Collecting the City: 30 years after the Bijlmer Airplane Crash
On 4 October 2022, it will be exactly thirty years since an El Al Boeing 747 cargo plane crashed on the Groeneveen and Klein-Kruitberg apartment complexes in the Bijlmer district of Amsterdam. A major event that many people still carry with them today. The small exposition reflects the feeling that Amsterdammers have about the disaster. How do they commemorate? And how do different generations process this trauma?
This small exhibition opens on September 25 and is part of the Collecting the City project. Together with communities, individuals and institutions from Amsterdam, the Amsterdam Museum 'collects' and presents the stories and objects of today's city.
Shock, grief and disbelief
The Amsterdam Museum exhibition gives an idea of the shock, grief and disbelief experienced by many people in the Bijlmer. It features newspaper headlines from the day after the crash – “Fire, death, chaos... It banked and then plummeted straight down” – and transcriptions on canvas of calls to the emergency services. There are also drawings showing how primary-school students experienced the disaster, and contributions by three teachers who encouraged them to do the drawings.
The exhibition includes two fragments of the aircraft that were found and kept by individuals, and works of art about the disaster. Samuel Sarmiento, who was born in Venezuela in 1987, painted a picture in homage to the victims entitled The tree that saw everything. Fatric Bewong, born in Ghana in 1981, produced a video installation showing how people in the community remember the event. Both artists are associated with CBK Zuidoost, a contemporary visual arts centre that offers an inclusive, multicultural perspective.
Together with Imagine IC, a heritage centre in the South East district, the Amsterdam Museum talked to local people about the crash. The content of those discussions formed the basis of this exhibition, which is about how Amsterdammers feel about the disaster, how they remember it, and how different generations are dealing with the trauma. The exhibition is being held in the centre of Amsterdam at the request of people in Bijlmer, to raise awareness of the crash in other parts of the city.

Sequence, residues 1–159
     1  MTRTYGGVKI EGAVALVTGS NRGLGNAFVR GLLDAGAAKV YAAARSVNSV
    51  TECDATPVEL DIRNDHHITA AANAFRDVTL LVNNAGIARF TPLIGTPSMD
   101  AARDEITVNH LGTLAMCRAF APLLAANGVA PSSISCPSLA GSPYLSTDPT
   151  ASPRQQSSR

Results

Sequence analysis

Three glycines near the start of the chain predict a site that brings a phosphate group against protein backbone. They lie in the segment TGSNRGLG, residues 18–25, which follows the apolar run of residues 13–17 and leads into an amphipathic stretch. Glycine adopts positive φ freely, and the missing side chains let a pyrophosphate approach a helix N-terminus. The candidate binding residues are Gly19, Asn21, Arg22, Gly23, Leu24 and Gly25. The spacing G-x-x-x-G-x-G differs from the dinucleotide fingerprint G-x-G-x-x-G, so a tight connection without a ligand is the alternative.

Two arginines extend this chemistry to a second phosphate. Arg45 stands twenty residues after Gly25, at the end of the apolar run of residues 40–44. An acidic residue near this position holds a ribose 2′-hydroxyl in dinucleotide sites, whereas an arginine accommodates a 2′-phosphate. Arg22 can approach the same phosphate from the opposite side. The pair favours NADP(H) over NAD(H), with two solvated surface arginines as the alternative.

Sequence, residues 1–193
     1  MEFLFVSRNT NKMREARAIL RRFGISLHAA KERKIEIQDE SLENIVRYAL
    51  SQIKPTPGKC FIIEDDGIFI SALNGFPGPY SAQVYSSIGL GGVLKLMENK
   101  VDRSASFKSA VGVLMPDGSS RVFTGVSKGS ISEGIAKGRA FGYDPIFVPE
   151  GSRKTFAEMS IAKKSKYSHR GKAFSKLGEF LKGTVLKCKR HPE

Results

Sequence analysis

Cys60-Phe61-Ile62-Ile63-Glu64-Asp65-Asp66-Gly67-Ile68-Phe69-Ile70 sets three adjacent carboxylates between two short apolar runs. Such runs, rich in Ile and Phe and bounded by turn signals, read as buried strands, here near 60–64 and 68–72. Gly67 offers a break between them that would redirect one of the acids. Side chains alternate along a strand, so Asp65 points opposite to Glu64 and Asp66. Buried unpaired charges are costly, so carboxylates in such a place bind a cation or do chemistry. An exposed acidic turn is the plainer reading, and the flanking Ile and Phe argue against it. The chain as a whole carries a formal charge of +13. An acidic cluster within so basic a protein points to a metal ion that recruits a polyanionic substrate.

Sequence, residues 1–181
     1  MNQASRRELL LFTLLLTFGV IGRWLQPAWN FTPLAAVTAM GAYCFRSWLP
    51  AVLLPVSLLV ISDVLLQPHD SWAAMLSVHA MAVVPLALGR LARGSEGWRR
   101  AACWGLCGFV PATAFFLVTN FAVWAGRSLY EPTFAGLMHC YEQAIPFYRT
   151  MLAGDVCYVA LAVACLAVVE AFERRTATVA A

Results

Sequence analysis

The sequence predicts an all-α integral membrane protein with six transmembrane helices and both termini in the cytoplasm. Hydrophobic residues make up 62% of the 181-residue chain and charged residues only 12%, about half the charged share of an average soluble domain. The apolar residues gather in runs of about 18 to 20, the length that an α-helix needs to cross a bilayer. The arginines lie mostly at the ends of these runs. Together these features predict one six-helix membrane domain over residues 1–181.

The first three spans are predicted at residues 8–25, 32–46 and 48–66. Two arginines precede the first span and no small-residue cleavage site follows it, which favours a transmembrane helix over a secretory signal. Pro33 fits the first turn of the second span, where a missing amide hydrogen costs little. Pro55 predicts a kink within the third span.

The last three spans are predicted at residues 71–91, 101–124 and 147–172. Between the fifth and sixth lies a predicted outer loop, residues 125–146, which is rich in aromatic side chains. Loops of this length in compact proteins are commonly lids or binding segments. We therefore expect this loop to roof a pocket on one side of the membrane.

The exhibition at Imagine IC will feature a triptych showing the impact of the crash thirty years on. It will include emotional stories and recollections, and a “living memory” presentation of documentaries. The event will also focus on a number of objects from the centre’s permanent display.
Collecting the City
Until 2025, Collecting the City is where the Amsterdam Museum and members of our vibrant city will present and “collect” the city. During that time, many neighborhood museums, community networks, local artists, and enthusiastic residents will share objects and stories about Amsterdam.
Every six months, new contributors are invited to showcase their ideas—whether that is a perspective on the past, a beautiful or painful moment in the present, or a vision of the city for the future. One permanent partner that will be occupying three rooms is the foundation of Museum om de Hoek, which includes 23 neighborhood museums scattered throughout Amsterdam.
Check out the other two small Collecting the City exhibitions
Amsterdam Museum on the Amstel
Amstel 51, Amsterdam
Daily open from 10.00 till 17.00 hrs.
How to get there?
The museum is easily accessible by public transport: Tram 4 (stop Rembrandtplein) and 14 (stop Waterlooplein) Metro 51, 53 and 54 (stop Waterlooplein, exit Nieuwe Herengracht).
Nearest parking garages are: Nationale Opera & Ballet, Waterlooplein, The Bank and Markenhoven. For more information, please visit amsterdam.nl/parkeren.